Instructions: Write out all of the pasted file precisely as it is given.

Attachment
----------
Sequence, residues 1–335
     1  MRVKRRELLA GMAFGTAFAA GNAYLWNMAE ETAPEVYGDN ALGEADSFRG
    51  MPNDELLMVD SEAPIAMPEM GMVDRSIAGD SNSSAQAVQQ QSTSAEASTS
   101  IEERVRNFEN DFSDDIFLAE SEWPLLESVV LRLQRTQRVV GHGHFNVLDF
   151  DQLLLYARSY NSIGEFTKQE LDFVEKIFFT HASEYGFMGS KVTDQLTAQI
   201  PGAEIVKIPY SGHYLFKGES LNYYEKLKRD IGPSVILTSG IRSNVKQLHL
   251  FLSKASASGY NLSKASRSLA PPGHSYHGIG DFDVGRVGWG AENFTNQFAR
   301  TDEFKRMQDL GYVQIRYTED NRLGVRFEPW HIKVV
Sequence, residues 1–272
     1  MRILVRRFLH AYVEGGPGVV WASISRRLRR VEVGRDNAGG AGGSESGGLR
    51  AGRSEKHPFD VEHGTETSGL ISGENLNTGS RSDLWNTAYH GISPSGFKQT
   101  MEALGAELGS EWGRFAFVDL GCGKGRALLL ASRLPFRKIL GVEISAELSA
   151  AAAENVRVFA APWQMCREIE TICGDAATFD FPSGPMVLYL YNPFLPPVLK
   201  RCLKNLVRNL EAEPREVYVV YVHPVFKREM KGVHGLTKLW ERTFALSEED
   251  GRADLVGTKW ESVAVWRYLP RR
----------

Sequence, residues 1–335
     1  MRVKRRELLA GMAFGTAFAA GNAYLWNMAE ETAPEVYGDN ALGEADSFRG
    51  MPNDELLMVD SEAPIAMPEM GMVDRSIAGD SNSSAQAVQQ QSTSAEASTS
   101  IEERVRNFEN DFSDDIFLAE SEWPLLESVV LRLQRTQRVV GHGHFNVLDF
   151  DQLLLYARSY NSIGEFTKQE LDFVEKIFFT HASEYGFMGS KVTDQLTAQI
   201  PGAEIVKIPY SGHYLFKGES LNYYEKLKRD IGPSVILTSG IRSNVKQLHL
   251  FLSKASASGY NLSKASRSLA PPGHSYHGIG DFDVGRVGWG AENFTNQFAR
   301  TDEFKRMQDL GYVQIRYTED NRLGVRFEPW HIKVV
Sequence, residues 1–272
     1  MRILVRRFLH AYVEGGPGVV WASISRRLRR VEVGRDNAGG AGGSESGGLR
    51  AGRSEKHPFD VEHGTETSGL ISGENLNTGS RSDLWNTAYH GISPSGFKQT
   101  MEALGAELGS EWGRFAFVDL GCGKGRALLL ASRLPFRKIL GVEISAELSA
   151  AAAENVRVFA APWQMCREIE TICGDAATFD FPSGPMVLYL YNPFLPPVLK
   201  RCLKNLVRNL EAEPREVYVV YVHPVFKREM KGVHGLTKLW ERTFALSEED
   251  GRADLVGTKW ESVAVWRYLP RR